Typescript is not a silver bullet but it is certainly better than a massive untyped JS project. Doesn't matter how amazing your JQuery is, because you and your team are very likely not better than a compiler.

Thread Thread
Sloan, the sloth mascot
Comment deleted
thewix profile image

I dunno what 'Typescript' patterns you are referring to. Abusing or overusing interfaces is something I have seen in every language that has Java/C#-like interfaces. It is hard to know what bad code you have run into, but it sounds like your problem is with developers as opposed to Typescript itself.

pengeszikra profile image
Peter Vivo

Imho, my react works I don't use any class component, just functional component, seems much easier.

Looks like this:

export const TypeOfProductButtonList:FC<{linkedList:IJoinedProduct[]}> = ({linkedList}) => (
    {{product}) => <ProductButton product={product} />)}
Enter fullscreen mode Exit fullscreen mode

So I don't know why worst is the FC? Imho that is perfect if interface declared.

I started add typescript added our project, so actually whole JS code contain a few TS type definition - great help. Any way now, our project is state of JS - TS hybrid project, and works fine, even pipeline operator is works under TS.

jaecktec profile image

I agree but in your example you should use VFC since you don't have children

pengeszikra profile image
Peter Vivo • Edited

I count in our working project (24k line JS/TS) contain only 4 times children use in component.

develliot profile image

All good stuff. I don't see anything wrong with using the FunctionComponent, in fact I would strongly advocate for it especially if you are building a FunctionComponent. In fact I would say use as many built in types as possible before creating your own.

I maintain a Typescript React component library and the biggest mistake I made was not originally using the built in types for all the html components and all their attributes that React gives you for free and just extending them. I was originally creating all custom types from scratch and getting issues reported about properties not working time and time again because I had forgotten something important.

React and it's types are maintained by hundreds of developers and it's silly not to trust many eyes on it vs our own.

bennycode profile image
Benny Code

Why do you need PropTypes when coding with TypeScript? I would rather use React.FC and benefit from type-checking and autocomplete than not using it for the sake of PropTypes.

milkywayrules profile image
Dio Ilham Djatiadi

very opinionated.

Why would anyone still using class components nowadays, u should refactor to functional component as they stated better to not use class component anymore and use functional instead.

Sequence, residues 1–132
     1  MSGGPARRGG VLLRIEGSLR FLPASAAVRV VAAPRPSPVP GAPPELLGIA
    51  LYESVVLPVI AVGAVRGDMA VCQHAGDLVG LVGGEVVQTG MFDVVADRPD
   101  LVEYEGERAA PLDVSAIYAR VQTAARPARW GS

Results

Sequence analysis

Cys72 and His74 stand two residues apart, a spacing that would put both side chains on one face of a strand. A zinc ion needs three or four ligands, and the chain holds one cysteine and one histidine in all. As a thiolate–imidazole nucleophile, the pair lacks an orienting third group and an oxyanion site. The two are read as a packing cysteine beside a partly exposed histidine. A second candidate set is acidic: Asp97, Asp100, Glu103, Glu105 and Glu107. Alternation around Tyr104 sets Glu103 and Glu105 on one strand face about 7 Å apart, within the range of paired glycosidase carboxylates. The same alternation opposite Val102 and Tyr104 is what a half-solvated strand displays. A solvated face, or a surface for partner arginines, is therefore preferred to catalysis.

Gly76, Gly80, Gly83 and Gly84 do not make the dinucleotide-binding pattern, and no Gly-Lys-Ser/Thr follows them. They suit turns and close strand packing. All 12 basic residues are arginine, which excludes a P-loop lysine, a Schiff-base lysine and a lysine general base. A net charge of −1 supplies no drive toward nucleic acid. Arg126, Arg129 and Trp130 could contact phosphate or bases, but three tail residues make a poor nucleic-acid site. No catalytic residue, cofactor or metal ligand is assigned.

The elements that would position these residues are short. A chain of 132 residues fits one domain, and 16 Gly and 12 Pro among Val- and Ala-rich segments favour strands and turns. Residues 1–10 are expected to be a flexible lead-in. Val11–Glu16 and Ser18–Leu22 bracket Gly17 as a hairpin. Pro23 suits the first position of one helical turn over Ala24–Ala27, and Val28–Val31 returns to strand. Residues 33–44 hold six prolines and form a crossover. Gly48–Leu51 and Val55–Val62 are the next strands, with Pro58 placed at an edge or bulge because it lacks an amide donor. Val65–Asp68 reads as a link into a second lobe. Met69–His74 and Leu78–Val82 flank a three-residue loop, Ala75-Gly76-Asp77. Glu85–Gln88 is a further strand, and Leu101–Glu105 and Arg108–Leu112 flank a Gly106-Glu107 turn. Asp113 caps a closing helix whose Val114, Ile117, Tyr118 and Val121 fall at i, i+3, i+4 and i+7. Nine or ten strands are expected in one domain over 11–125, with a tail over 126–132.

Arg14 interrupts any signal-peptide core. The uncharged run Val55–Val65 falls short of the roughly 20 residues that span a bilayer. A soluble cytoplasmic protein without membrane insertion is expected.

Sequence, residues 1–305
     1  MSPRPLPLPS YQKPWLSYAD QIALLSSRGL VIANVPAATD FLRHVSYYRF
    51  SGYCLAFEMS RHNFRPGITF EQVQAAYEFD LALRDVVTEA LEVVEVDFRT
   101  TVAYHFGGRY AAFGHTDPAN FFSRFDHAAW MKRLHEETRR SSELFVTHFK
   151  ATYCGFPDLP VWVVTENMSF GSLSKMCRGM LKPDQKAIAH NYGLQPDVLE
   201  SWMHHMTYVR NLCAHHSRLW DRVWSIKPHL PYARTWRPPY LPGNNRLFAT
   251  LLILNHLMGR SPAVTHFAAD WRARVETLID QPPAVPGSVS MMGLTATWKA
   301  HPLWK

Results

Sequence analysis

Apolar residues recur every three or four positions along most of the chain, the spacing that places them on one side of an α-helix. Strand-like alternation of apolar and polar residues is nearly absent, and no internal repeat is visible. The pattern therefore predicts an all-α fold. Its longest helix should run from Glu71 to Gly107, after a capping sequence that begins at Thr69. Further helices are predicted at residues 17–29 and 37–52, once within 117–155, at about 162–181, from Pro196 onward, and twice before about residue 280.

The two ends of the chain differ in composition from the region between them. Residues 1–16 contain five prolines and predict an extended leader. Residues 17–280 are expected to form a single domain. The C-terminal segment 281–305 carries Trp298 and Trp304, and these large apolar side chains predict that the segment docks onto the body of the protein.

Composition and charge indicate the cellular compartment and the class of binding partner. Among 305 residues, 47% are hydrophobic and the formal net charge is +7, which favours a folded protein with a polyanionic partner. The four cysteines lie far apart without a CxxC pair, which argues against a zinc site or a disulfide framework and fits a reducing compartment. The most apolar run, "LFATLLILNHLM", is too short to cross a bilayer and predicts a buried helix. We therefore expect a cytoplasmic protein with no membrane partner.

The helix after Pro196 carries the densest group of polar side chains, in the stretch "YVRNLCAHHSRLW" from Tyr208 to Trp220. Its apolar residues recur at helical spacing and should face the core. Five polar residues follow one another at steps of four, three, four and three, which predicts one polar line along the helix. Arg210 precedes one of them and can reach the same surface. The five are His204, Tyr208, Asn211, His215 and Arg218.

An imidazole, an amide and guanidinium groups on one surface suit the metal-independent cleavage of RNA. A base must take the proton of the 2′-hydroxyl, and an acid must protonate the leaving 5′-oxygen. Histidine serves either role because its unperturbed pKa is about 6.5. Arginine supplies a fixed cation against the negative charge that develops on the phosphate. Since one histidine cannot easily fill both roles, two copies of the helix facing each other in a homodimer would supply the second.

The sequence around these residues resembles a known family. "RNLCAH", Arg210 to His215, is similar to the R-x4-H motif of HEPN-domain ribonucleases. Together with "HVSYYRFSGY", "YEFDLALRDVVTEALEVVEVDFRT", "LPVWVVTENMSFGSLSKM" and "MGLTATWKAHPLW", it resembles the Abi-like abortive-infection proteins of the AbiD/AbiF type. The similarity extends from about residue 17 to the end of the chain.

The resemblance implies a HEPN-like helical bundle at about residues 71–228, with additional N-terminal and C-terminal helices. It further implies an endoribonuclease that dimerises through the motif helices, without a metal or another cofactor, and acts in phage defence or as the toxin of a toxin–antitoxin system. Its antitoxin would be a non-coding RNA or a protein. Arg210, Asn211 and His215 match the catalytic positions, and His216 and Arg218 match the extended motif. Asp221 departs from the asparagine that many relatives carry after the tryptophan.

mzbac profile image

Not sure all the patterns mentioned as valid for clean code. Very opinionated.

yevhenoksenchuk profile image
  1. We dont use class components last 2 years. 2 enum isnt for declare types. It useful in other cases
  2. Dont use FC, some of cases doesnt work without FC, and generic types to declare props. Ts knows about children as default, we dont need declare it
glowkeeper profile image
Steve Huckle • Edited

If you want 'private', use closures. Something like:

const friends = () => {
  fetchProfileByID () {} // this probably gets called at initialisation by useEffect

  function render() {
    return // jsx blob

  return { render }

const myFriends = friends
Enter fullscreen mode Exit fullscreen mode
jbaez profile image

Good article, I agree with most points.
I'm also a strong believer that TypeScript helps improving the code quality and maintainability. However, regarding 4. Use type inference for defining a component state or DefaultProps, I would say it might make it cleaner and readable, to define a single interface (or type) for the props, and after create the defaultProps object based on that interface. The way I do it is use a generic type, that defines a readonly type with all the properties as non-optional. These are the generic types that I use for that:

I recently wrote an article using those generic types, it's about separating the logic of the component from the the UI (React), which also helps making the component/screen cleaner, specially on complex ones :

rbrtbrnschn profile image
Robert Bornschein

Great concept overall. But #5 is, simply put, is quite misleading.

A interface can be a type but a type cannot be an interface. A square is always a rectangle but a rectangle isn't always a square.

This article explains it well enough.

vijayiyer profile image
Vijay Iyer

I can't see the 'code below' in any of the points. Am I missing something?

Some comments may only be visible to logged-in visitors. Sign in to view all comments.